Gedion Oduor Wekesa embodies Kingsley with impressive intensity.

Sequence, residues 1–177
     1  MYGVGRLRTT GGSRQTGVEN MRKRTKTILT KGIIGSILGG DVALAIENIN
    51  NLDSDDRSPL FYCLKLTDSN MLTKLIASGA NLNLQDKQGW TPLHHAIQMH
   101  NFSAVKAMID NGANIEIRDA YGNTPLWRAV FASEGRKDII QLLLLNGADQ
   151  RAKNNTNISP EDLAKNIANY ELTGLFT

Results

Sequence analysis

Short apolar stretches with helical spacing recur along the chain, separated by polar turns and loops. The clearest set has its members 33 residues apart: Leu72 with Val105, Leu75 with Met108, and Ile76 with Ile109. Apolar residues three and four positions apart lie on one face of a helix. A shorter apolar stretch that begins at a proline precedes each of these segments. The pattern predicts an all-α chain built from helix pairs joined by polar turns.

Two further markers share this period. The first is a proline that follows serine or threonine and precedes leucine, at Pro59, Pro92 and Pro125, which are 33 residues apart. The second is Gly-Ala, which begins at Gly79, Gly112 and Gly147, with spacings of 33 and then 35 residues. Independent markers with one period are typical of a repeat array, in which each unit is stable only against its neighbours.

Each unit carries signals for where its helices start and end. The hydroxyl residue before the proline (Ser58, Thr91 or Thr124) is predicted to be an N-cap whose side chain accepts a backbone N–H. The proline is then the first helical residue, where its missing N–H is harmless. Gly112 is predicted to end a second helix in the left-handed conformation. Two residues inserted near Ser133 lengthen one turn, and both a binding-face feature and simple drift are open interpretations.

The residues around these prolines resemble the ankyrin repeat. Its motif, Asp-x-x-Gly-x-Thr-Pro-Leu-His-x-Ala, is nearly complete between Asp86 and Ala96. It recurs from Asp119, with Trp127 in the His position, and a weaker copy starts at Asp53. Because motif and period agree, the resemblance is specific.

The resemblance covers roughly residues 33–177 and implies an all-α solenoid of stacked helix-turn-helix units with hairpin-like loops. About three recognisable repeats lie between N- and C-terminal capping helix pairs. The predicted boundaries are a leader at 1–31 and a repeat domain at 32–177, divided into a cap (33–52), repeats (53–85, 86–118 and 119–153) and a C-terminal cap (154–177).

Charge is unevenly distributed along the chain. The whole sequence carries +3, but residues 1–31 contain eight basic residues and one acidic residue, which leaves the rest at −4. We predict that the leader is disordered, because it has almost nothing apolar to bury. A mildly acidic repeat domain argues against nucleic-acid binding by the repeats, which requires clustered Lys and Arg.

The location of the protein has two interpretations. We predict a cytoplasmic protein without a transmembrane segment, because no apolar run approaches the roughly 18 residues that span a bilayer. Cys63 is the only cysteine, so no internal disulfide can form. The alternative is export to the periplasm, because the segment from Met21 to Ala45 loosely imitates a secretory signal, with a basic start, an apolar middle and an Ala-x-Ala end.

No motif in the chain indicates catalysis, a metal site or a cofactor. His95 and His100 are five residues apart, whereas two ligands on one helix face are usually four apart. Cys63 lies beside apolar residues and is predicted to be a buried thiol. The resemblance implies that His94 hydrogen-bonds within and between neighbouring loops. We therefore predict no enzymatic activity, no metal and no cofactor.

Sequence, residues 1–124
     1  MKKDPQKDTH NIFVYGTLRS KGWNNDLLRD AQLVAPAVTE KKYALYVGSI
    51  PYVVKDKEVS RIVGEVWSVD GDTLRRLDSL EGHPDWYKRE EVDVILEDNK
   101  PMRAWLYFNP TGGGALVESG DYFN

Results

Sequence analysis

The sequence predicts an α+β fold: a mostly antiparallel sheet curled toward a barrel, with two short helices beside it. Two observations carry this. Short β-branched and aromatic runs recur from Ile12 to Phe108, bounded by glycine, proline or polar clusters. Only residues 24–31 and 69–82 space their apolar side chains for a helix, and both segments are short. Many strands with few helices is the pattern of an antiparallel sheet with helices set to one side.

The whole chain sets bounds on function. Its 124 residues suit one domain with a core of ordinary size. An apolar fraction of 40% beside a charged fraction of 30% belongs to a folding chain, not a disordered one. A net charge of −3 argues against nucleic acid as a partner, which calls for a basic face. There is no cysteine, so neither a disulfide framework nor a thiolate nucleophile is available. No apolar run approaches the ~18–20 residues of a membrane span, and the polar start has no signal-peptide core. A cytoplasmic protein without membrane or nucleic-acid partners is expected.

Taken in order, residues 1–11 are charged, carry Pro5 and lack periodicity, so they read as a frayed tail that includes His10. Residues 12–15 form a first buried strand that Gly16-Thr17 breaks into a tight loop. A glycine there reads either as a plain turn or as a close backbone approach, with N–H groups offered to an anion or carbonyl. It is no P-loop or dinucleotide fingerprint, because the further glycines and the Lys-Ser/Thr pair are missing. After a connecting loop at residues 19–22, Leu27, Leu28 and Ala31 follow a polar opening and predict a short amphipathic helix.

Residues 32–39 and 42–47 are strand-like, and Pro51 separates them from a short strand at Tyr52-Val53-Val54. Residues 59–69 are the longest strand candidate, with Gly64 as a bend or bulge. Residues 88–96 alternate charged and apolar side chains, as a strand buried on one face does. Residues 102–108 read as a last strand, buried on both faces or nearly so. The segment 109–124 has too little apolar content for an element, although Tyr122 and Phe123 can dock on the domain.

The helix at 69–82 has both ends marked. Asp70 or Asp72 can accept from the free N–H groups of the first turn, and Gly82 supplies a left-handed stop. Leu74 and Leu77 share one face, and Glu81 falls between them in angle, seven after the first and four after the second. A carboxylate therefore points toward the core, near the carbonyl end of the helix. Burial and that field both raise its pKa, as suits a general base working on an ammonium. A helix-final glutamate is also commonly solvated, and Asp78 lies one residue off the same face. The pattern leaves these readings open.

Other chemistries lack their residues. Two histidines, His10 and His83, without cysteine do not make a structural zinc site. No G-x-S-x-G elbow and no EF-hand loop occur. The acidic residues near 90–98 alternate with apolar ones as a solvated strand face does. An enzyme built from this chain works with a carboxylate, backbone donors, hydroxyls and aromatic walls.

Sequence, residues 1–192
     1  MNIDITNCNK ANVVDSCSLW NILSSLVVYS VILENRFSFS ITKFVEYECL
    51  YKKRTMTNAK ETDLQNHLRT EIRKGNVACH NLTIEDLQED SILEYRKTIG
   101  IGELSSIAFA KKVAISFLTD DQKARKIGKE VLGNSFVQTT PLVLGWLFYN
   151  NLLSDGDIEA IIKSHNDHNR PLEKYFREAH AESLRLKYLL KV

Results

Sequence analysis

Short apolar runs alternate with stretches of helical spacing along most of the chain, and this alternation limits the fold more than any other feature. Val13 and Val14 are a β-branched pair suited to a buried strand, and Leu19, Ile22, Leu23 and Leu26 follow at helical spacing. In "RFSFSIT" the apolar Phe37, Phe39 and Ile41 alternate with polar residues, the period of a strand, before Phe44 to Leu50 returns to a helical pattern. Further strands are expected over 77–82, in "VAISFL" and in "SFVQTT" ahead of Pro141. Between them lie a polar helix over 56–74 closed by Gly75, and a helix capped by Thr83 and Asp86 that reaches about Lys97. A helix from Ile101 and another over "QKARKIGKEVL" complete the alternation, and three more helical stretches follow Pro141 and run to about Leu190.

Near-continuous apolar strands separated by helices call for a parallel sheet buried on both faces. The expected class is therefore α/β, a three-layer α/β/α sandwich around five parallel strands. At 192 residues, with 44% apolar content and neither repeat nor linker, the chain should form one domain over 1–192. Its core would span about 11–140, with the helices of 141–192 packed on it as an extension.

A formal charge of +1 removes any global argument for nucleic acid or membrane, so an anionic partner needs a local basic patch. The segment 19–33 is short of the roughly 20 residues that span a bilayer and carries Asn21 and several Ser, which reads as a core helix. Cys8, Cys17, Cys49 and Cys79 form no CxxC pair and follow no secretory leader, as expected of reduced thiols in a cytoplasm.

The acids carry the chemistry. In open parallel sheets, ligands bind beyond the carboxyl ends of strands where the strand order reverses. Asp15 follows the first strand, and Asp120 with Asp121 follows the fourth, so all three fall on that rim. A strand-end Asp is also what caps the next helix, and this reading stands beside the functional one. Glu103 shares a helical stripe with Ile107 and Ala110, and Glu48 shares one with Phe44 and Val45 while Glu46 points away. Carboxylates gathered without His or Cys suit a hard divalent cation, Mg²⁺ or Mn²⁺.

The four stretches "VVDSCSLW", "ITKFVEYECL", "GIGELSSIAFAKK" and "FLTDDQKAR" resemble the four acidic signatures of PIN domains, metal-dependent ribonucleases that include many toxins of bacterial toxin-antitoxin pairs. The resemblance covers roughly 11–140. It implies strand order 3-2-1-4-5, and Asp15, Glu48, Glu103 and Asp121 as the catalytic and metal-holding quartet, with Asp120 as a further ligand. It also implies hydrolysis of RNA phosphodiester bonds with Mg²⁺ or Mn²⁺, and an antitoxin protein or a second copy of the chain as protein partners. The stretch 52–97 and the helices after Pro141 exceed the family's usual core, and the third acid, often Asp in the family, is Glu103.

The trained psychologist Wolfgang Fischer opens his film in a similarly dry manner as he describes what happens on the boat later on. First from a bird’s eye view and finally moving closer and closer to the scene of the accident, he portrays the main character and emergency doctor Rieke during one of her missions when she rescues a seriously injured person from an almost completely destroyed car wreck and treats her on site with remarkable level-headedness. This calmness with which Susanne Wolff (“Return to Montauk”) Her Rieke embodies is important for the further course of the film; Last but not least, it makes a decisive contribution to the fact that “Styx” shows us first-hand how much the refugee catastrophe and its consequences concern or have to be addressed by all those who at first glance (and not necessarily at their own request) seem very far away from it. Of course, this is also manipulative in a certain way, true to the motto: Anyone who has only once experienced the torment and fear of death that war refugees fleeing across the sea are exposed to can still be so calm. These fates will not leave him indifferent either. So the message is clear. But at the same time you have to give Fischer credit for the fact that there are topics that don’t require any subtlety in order to describe something as it is.